Additionally, it is sewn into Black Panther's armor, making it bulletproof and giving T'Challa the power to absorb the energy from blows he receives and release it when it's necessary. Still, we'll cover that in more detail later in the list.


Real life: Graphene

Source: CSIRO

Despite vibranium having a few properties that are almost impossible to emulate in real life, most experts agree that graphene is a comparable real-life counterpart. (They are superhero physics experts, by the way). Although graphene may not seem like much, it is the strongest material ever tested.

Because of its distinct atomic structure, physicist and University of Minnesota professor James Kakalios claimed that graphene is "10 times more bulletproof than steel" and nearly invisible in an opinion piece for Wired. The drawback? Graphene is difficult to produce and in limited supply. We have a long way to go before using it to construct trains or airplanes, let alone shields or spears.


#4."Black Panther": Kinetic energy storage and distribution

Source: Marvel Studios

A well-known comic book superpower that had not yet been explored in the Marvel film series before "Black Panther" is present in both T'Challa's purple Panther Habit and the Golden Jaguar suit: the capacity to store kinetic energy received from blows, bullets, or explosions and expel that energy as necessary in combat.

As a result, the wearer can "charge up" the suit and then turn on the kinetic energy to deliver incredibly powerful subsonic blows while suffering minimal damage. One of the more fantastical technological ideas presented in the movie, this ability depends on vibranium being present in the suits.


Real Life: Energy-absorbing material

Source: Blue Design Limited

This one is particularly challenging to reproduce in reality because the idea of kinetic energy storage itself is in conflict with the laws of physics. A body in space only has kinetic energy if it is in motion, according to the editors of Encyclopaedia Britannica, which means that it cannot be stopped in place or stored inside of a container for later use, much less inside of a thin layer of clothing.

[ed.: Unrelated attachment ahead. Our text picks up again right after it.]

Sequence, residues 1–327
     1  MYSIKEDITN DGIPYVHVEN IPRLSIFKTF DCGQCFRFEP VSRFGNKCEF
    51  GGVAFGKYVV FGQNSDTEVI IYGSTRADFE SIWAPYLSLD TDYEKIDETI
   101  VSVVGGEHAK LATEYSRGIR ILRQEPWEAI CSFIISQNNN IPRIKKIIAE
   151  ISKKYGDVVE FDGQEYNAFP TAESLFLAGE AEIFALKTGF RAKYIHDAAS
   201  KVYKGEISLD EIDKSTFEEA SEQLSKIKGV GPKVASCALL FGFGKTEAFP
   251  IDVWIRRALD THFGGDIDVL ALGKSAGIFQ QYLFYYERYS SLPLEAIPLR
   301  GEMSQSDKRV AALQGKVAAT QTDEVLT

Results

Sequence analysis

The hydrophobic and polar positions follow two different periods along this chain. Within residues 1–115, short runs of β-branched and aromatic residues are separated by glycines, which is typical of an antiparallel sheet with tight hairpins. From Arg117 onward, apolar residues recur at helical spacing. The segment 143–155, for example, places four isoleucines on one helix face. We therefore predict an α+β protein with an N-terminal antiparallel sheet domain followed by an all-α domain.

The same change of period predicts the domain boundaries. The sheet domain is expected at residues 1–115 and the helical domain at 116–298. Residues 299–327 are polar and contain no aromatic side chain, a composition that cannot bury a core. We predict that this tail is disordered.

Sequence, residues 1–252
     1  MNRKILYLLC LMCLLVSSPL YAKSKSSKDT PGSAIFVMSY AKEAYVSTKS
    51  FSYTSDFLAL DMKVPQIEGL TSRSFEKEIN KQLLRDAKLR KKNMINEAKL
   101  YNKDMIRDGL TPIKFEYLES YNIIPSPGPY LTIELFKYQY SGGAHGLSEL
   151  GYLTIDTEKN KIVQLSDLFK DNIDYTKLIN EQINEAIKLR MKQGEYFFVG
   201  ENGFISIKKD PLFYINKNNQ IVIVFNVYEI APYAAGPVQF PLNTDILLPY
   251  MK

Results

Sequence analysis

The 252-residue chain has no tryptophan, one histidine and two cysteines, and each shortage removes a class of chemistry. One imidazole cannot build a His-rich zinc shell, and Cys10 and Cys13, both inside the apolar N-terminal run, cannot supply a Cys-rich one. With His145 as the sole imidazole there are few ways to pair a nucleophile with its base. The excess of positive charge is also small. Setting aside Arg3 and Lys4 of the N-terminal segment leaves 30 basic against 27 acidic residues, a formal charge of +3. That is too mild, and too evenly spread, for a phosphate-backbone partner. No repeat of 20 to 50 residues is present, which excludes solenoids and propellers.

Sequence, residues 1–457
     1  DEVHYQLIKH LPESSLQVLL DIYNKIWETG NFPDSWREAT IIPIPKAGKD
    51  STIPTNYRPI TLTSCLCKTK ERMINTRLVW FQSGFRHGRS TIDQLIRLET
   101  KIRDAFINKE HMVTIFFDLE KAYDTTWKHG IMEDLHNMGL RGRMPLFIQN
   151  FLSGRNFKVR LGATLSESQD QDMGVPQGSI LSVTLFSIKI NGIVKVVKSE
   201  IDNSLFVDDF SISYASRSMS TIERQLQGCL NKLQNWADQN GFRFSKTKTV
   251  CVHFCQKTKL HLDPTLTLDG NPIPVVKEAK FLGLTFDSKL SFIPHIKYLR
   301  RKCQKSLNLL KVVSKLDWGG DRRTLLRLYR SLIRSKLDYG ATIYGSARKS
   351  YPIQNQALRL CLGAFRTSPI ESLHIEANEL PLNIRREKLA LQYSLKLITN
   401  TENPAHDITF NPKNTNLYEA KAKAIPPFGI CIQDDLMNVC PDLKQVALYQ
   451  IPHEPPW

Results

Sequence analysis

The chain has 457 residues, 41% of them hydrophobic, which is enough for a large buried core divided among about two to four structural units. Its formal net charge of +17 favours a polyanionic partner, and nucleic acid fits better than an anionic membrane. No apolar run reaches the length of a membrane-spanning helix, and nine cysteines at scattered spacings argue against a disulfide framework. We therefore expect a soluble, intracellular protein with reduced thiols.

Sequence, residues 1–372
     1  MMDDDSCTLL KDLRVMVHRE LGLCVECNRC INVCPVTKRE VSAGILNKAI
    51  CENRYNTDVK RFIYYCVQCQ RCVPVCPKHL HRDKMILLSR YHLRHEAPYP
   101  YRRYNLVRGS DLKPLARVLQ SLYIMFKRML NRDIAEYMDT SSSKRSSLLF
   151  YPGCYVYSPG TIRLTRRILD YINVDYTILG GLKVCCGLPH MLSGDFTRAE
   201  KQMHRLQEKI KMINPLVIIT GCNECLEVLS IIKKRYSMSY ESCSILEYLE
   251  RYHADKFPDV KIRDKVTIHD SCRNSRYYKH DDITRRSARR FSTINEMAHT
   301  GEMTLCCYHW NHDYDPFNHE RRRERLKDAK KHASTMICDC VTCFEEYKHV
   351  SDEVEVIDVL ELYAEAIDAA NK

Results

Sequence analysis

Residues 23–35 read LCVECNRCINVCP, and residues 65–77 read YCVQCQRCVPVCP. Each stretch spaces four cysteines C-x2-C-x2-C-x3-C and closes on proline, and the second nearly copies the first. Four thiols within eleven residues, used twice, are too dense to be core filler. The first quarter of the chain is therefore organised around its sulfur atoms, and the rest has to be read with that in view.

A Google patents search revealed there are a few sportswear manufacturers operating on this technology. Still, a patent does not guarantee that this technology will be sold in sportswear stores any time soon (companies frequently patent ideas that are never implemented), but in the interim, we can continue to be impressed by the creative design of the "Black Panther" suit in the meantime.


#5. "Black Panther": Holograms

Source: Marvel Studios

Holograms can be seen in the film in a variety of settings. Thanks to wearable technology inspired by African jewelry, Shuri's lab has a few holographic displays like the one shown, and other characters use live-feed holograms in place of phone calls.

The holograms in the film have the same clarity as FaceTime on an iPhone and move like a more modernized version of Princess Leia's iconic hologram from "Star Wars Episode VI: A New Hope," the hologram that is famous for saying, "Help me, Obi-Wan Kenobi, you're our only hope."


Real Life: Early-stage holographics

Source: Microsoft

The surprise appearance of late rapper Tupac Shakur at Coachella in 2012 may have been the most well-known and impressive use of holographic technology, but it wasn't a hologram. The performance was actually a CGI projection that was reflected off of glass using a technique from the 19th century known as "Pepper's Ghost." Real holograms of today are much less impressive than those from Coachella or Wakanda.

Even the most advanced technology cannot compare to the size and quality of Leia's letter to Obi-Wan. Unfortunately, it will be years, if not decades, before this technology is commercially available, let alone integrated into bracelets and other wearables like in the movie.

What do you think about the tech in the movie and real life? Tell us your thoughts in the comments!